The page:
Paper: “Fine-scale behavioural adjustments of prey on a continuum of risk”. M.I.A. Kent, J.E. Herbert-Read, G.D. McDonald, A.J. Wood, A.J.W. Ward. Proceedings of the Royal Society B. 2019
Where can deep-sea iron nodules be found?
Potato-sized nodules of iron ore found on the ocean floor are of commercial mining interest. However, negative ecological effects from mining these nodules is of concern. SIH constructed a global predictive model of nodule occurrence by combining data from thousands of ocean floor samples with global maps of oceanic variables. The environments in which these deposits do and do not occur could then be characterised to generate insight into potential consequences of proposed mining.
Predicting unnecessary CT scans
- Professor Jonathan Morris, Kolling Institute of Medical Research and Sydney Medical School; Dr Felicity Gallimore
- The University of Sydney Medical School
- Data Science (Dr Aldo Saavedra , Dr Madhura Killedar, Dr Joel Nothman and Mr Peter Thiem)
- Predictive modelling Inferential modelling Description and basic visualization Language as data
Diagnostic imaging in hospitals is costly due to expensive machines and their operators, as well as the cost of moving patients in and out of radiography. Published studies of emergency presentations have shown that the number of brain computer tomography (CT-Brain) scans performed is increasing with time while the proportion of scans giving no cause for concern remains the same and represents the largest category.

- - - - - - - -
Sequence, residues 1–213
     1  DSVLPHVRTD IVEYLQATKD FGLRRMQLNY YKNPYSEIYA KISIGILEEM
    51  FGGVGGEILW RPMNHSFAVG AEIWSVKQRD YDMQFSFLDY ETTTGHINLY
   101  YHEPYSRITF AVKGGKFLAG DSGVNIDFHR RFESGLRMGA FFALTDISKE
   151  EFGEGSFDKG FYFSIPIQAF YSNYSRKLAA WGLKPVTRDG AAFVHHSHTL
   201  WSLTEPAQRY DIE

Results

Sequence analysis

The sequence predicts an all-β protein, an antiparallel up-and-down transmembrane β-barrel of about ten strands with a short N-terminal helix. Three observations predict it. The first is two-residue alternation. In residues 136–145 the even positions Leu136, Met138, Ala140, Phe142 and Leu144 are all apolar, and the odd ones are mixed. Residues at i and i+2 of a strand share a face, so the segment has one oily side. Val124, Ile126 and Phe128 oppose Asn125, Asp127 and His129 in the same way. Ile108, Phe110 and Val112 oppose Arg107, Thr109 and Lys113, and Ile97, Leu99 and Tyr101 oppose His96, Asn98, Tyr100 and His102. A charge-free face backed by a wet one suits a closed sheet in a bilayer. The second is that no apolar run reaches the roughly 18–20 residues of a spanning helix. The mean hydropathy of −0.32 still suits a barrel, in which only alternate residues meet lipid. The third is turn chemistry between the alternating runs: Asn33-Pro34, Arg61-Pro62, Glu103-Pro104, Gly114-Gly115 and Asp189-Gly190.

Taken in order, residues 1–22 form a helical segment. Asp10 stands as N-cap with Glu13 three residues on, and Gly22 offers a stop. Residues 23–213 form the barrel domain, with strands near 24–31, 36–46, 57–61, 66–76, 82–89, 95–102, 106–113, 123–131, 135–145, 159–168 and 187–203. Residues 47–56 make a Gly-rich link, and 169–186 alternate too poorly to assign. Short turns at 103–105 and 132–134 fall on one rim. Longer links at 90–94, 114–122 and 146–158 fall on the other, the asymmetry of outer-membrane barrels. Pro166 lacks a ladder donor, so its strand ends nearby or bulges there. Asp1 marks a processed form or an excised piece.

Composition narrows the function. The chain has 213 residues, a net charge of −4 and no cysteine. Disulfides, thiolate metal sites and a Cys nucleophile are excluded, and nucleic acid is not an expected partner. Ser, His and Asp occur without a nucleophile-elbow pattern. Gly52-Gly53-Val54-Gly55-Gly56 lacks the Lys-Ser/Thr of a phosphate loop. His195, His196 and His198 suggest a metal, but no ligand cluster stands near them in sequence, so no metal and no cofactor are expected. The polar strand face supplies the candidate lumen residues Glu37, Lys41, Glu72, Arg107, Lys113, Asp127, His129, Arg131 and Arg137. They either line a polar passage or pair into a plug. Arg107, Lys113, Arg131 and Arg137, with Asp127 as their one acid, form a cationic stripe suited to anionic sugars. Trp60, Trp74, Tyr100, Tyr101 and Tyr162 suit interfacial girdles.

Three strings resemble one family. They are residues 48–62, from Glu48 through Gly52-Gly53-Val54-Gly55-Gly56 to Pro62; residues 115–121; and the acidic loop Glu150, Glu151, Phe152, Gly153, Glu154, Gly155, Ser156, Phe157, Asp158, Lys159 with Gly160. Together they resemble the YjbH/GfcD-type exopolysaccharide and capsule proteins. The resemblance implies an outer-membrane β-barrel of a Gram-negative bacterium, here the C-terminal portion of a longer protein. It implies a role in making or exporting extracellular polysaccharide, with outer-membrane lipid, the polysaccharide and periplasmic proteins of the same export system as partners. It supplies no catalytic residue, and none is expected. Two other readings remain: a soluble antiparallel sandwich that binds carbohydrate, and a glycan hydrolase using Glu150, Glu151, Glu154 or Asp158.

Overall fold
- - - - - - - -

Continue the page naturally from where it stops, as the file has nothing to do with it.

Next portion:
We sought to determine whether a substantial portion of CT Scans performed in North Sydney LHD were unnecessary. We translated this research question into something determinable from data: identify CT-Brain cases where the unconcerning outcome of scans could be predicted from clinical knowledge available prior to the scan. By first constructing a text classifier to label CT Scan reports as unconcerning, we were able to use clustering and predictive modelling to weakly identify some patient features that predicted unconcerning CT results.
While the project had the potential to impact clinical policy surrounding the application of CT Scans in Emergency Departments, the weak results suggests that if any excessive expenditure problem exists it is not simple to resolve. At the same time, we have developed methodologies for performing similar studies towards rationalising diagnostic scan expenditure.
Predicting Crime using a Spatial-Demographic Framework
Responding to domestic violence related assaults dominate much of the NSW Police’s resources. We try to understand the relationships that drive social-demographic change and cause the occurrence of crime using a complex modelling framework. The social-demographic-crime network and its inter-dependencies were modelled using a Bayesian vector autoregression model. We built a collaboration with BOCSAR, the crime database of all offences in NSW over the last 20 years, and sourced demographic data for multiple census years. The results of this study will help inform policy decision-making by government and police.